Jesus said, “Love each other as I have loved you.” – John 15:12
I think that comes from fear and not wanting to get to close because somehow it could affect your life in a negative way, that it opens the door for you to be persecuted or that it’s too heartbreaking to hear about. Some of the accounts of persecution are heart wrenching and really painful to read and to be honest it’s hard for me to read sometimes and to just not think about it. It’s too hard to comprehend the evil in this world, but I just cling to the hope and promise Jesus us gives us of eternal life with our Heavenly Father.
When I first became aware of the persecution of other Christians it shook me. It made me ask myself some hard questions: Would I be willing to lose everything, my family, friends, job, house, my freedom, or even my life for my faith? Would I risk being beaten and tortured, threatened or pressured to denounce my faith in Jesus? What would living in fear of persecution due to my faith? Would I follow God’s will no matter where it could lead me? Would persecution strengthen my faith or would it break it? What does the Bible says about persecution?
When I began praying for Christians in other countries and, people groups, ministries and organizations, and specific people, working to help the persecuted and unreached people groups, the churches and Christians in other parts of the world didn’t feel like far away strangers in far away places. They felt real and close.
Through all my research on religious freedoms in other countries and praying for those who are persecuted, I started to see the world differently. God used what I was reading and learning to open my eyes to the global church. He showed me the church was bigger than a Sunday morning. It is His body of believers.
We are all part of the same body under Christ.
Just as a body, though one, has many parts, but all its many parts form one body, so it is with Christ. For we were all baptized by one Spirit so as to form one body—whether Jews or Gentiles, slave or free—and we were all given the one Spirit to drink. Even so the body is not made up of one part but of many. – 1 Corinthians 12:12-17
But God has put the body together, giving greater honor to the parts that lacked it, so that there should be no division in the body, but that its parts should have equal concern for each other. If one part suffers, every part suffers with it; if one part is honored, every part rejoices with it.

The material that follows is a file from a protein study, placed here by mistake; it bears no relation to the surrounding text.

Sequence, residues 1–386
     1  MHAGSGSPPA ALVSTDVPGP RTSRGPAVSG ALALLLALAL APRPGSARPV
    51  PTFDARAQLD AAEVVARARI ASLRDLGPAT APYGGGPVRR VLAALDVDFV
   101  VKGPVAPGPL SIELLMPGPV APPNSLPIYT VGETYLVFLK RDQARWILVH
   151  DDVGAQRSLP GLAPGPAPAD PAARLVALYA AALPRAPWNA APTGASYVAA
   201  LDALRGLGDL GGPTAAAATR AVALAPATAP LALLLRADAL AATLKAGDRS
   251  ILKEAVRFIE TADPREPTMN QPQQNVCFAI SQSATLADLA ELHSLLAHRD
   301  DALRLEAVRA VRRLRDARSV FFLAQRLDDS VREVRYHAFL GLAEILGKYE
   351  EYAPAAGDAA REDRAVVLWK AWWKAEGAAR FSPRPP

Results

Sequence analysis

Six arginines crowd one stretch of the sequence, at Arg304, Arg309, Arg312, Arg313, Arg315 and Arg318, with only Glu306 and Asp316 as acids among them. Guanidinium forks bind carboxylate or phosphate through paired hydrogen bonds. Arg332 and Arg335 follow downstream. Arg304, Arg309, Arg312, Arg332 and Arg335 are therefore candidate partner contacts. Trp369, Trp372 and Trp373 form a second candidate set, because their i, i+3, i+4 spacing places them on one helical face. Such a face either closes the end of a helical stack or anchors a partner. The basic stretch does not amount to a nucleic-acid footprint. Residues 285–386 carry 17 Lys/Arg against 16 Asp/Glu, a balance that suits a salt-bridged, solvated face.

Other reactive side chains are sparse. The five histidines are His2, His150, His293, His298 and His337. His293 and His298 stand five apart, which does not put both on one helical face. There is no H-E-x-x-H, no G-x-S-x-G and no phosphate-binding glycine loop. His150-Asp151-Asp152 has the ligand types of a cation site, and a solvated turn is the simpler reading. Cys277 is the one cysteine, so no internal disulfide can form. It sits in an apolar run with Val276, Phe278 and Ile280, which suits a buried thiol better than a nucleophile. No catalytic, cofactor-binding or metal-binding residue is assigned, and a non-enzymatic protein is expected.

Now you are the body of Christ, and each one of you is a part of it. who is the head.
– 1 Corinthians 24-27
If one member of the body suffers we all suffer.
Remember those in prison, as if you were there yourself. Remember also those being mistreated, as if you felt their pain in your own bodies. – Hebrews 13:3
I was amazed to find that despite persecution the church is growing. No matter how much Satan attempts through persecution to stop the Gospel from spreading, it’s spreading like wildfire. “For the light shines in the darkness and the darkness cannot overcome it.” – John 1:5
In some of the most darkest places of the world the Gospels is shining hope.
At the beginning of this year, Open Door’s World Watch List released the top 50 countries where it is the most difficult to be a Christian in 2018.
Here are the top 10:
Here is where you can learn more about the World Watch List:
Continue to remember those in prison as if you were together with them in prison, and those who are mistreated as if you yourselves were suffering.
– Hebrews 13:3
Take a Stand!
Be their voice! Speak up for those who cannot speak for themselves, defend and judge fairly. as Proverbs 31:7-8 says. – “Speak for those who cannot speak for themselves, for the rights of all who are in destitute. Speak and judge fairly; defend the rights of the poor and needy.”
Pray for them! The number one thing persecuted Christians ask for is prayer. Pray for them, pray they would remain faithful to Christ through all their sufferings and trials. Pray their faith would be strengthen and that they would be bold witnesses to those around them and that they would forgive their persecutors. Pray for their persecutors as well, and their country’s leaders.
Be informed and Get Involved! Know what is happening around the world and ways you can get involved. Here are some resources:
“If the world hates you, keep in mind that it hated me first. If you belong to the world, it would love you as it’s own. As it is, you do not belong to the world, but I have chosen you out of this world. That is why the world hates you.”
“For this world is not our permanent home; we are looking forward to a home yet to come.”
– Hebrews 13:14
There are so many uncontrollable tragedies and chaos around us. It’s unavoidable. Cancer and disease, violence, and crime permeate our lives. It is easy to look into the world and feel hopeless. There is so much evil and pain in our world from terror attacks to children going hungry.